Wednesday, February 14, 2018

45 days into the year 2018.......

So far there have been 18 school shootings and in total 12 other mass shootings and we are only 45 days into the year.  I am very grateful my kids were/are homeschooled.  It just makes no sense.  Praying for all the families involved.

School shootings
Mass shootings.

Sunday, February 11, 2018

In honor of Black History Month......

My favorite black history maker is George Washington Carver.  I have several blog posts just about him.  His entire life fascinates me, everything he did was amazing.

This year I was looking for a unique black history maker who contributed greatly but is lesser known, and I hit the jackpot.  Mr. Bass Reeves first black lawman (cowboy) west of the Mississippi.

Bass was born a slave in 1838 in Crawford County, Arkansas.  His owner was William Steele Reeves (Arkansas legislator).  In 1846, William Reeves relocated his household to Texas.  William Reeves' son, George, was named colonel in the Confederate army when the Civil War broke out and George took Bass with him to war.  Bass found an opportunity to escape and took off west and ended up in Indian Territory making him a fugitive but luckily, all slaves were freed in 1865 so he did not have to run too long.

Bass lived with the Creek and Seminole Indians.  He learned their languages and customs and how to live off the land.  Eventually Bass set up a home in Van Buren, Arkansas and was officially the first black to ever settle the land.  He married Ms. Nellie Jennie and together they raised ten children in an eight room house which Bass built himself.

Isaac C. Parker was appointed federal judge of Indian Territory in 1875.  Prior to this, the government
had no jurisdiction over Indian Territory which became a hiding ground for outlaws during the civil war.

Parker sent U.S. Marshal James F. Fagan along with 200 deputies to round up these outlaws.  Fagan had heard stories of Bass and how he too was once a fugitive and had great knowledge of the land and offered him a job as a U.S. Deputy Marshal.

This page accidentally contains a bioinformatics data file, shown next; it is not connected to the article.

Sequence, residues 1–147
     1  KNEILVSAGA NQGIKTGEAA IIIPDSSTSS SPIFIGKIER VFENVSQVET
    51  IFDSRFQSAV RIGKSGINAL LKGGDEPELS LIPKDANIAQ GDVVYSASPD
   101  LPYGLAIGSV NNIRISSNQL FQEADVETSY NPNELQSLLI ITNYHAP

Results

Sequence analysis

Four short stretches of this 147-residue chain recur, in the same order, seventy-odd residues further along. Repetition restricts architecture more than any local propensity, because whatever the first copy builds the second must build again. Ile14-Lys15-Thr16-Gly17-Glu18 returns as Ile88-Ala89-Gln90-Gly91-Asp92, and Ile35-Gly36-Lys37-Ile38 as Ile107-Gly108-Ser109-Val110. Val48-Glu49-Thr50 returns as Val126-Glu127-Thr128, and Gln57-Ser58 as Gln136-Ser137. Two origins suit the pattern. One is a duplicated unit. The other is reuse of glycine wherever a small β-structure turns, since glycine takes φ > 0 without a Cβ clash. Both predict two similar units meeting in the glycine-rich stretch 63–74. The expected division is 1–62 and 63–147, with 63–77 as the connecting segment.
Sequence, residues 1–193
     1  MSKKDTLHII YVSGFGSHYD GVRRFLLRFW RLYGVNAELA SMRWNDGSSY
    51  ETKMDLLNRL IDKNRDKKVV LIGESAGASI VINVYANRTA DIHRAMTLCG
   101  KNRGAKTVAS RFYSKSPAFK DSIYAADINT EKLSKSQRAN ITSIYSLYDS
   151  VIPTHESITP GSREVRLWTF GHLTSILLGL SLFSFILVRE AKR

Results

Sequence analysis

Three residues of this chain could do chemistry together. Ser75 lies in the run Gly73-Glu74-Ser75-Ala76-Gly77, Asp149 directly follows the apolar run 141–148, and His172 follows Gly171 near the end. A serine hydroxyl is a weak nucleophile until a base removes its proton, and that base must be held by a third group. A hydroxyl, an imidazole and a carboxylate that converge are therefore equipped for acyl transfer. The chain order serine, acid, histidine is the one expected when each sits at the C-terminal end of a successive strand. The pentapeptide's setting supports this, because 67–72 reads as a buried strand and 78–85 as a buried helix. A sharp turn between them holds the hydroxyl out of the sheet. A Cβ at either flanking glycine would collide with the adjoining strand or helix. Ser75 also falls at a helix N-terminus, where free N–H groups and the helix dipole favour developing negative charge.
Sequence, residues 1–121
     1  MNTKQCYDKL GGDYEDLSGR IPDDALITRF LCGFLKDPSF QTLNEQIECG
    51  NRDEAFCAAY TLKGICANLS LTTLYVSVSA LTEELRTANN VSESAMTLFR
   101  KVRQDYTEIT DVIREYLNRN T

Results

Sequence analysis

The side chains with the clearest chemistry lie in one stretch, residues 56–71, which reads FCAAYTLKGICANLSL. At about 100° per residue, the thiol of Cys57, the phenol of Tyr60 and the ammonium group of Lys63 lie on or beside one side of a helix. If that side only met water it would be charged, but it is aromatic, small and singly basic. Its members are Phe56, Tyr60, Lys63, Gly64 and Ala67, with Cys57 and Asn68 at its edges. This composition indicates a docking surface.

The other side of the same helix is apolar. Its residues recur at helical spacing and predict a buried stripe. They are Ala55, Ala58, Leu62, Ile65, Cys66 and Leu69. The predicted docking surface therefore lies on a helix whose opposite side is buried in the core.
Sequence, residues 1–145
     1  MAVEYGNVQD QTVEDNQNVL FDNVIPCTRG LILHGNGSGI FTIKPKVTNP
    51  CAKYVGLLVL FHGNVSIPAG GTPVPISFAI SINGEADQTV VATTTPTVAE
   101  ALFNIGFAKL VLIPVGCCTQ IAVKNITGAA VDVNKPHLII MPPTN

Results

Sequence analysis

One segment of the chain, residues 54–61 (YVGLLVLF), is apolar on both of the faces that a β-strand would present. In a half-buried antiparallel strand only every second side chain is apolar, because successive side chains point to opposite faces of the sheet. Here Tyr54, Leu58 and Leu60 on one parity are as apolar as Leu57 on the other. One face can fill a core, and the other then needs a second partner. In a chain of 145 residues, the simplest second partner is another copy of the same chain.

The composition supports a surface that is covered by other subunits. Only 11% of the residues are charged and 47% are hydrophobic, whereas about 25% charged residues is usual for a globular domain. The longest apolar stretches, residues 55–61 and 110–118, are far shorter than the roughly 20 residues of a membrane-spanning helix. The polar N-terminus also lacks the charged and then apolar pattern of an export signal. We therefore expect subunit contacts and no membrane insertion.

His orders were to bring back the outlaws-dead or alive.  Bass was quite intimidating standing six feet, two inches tall, wearing a black hat, riding a large white stallion, and packing two Colt 45s.  He is said to have brought in over 3,000 felons.

It is said that Bass tried to follow the letter of the law and bring in the outlaws alive and well.  He took his job very seriously.  In fact, his own son, Benny Reeves, was charged with murdering his wife.  None of the other deputies wanted to bring in Bass' son out of fear of what Bass would do to them but as difficult as it was, Bass went and arrested his own son.  He always wanted to do what was right.  His son ended up spending 22 years in Leavenworth prison.

In 1907, law enforcement was the responsibility of the state police and 70-year-old Bass joined the Muskogee Oklahoma Police Department as a patrolman.

Bass Died January 12, 1910 from complications of Bright's Disease (a type of kidney disease).  I found an interesting statement which stated no one really knows where he is buried.  He was originally buried at Old Agency Cemetery but because it was not kept up, his family had him moved.  Many believe he is buried at Booker T. Washington Cemetery on North Highway 69, Muskogee but no one is sure about this fact.  A mystery in life, a mystery in death.

In May 2012, a bronze status of Reeves on a horse was dedicated in Fort Smith's Pendergraft Park.  The statue was paid for all by donation to the Bass Reeves Legacy Initiative and ultimately ended up costing a whopping $300,000 and stands 7 meters high, that is massive!  Over 1,000 people attended the unveiling ceremony of the statue.

Another interesting fact I learned is that one in four cowboys were actually African-American.  I had never heard that before.  My grandfather always watched John Wayne and then there was Clint Eastwood, James Stuart, Sam Elliot, and The Lone Ranger.

Speaking of The Lone Ranger, even though the character was played by a white man, it is strongly believed that The Lone Ranger was actually inspired by Bass Reeves.  For example, Bass' calling card was to give out silver dollars, The Lone Ranger gave out silver bullets.  And then there is the black mask The Lone Ranger wears.  It is believed since black people in that time wore an invisible mask in a world that largely ignored them, Reeves also wore that invisible mask, and that is a symbolic link between the two.

We will probably never know if The Lone Ranger was actually Bass Reeves but historians have concluded he is the closest real life person to possess the characteristics of the character, The Lone Ranger.  Hi-Yo, Silver! Away!

Bass Reeves was a great man, a part of the fabric of our country.

Friday, February 9, 2018

Thanks for horsing around with me. You really never know what you will get when you read my blog so thanks for stopping by.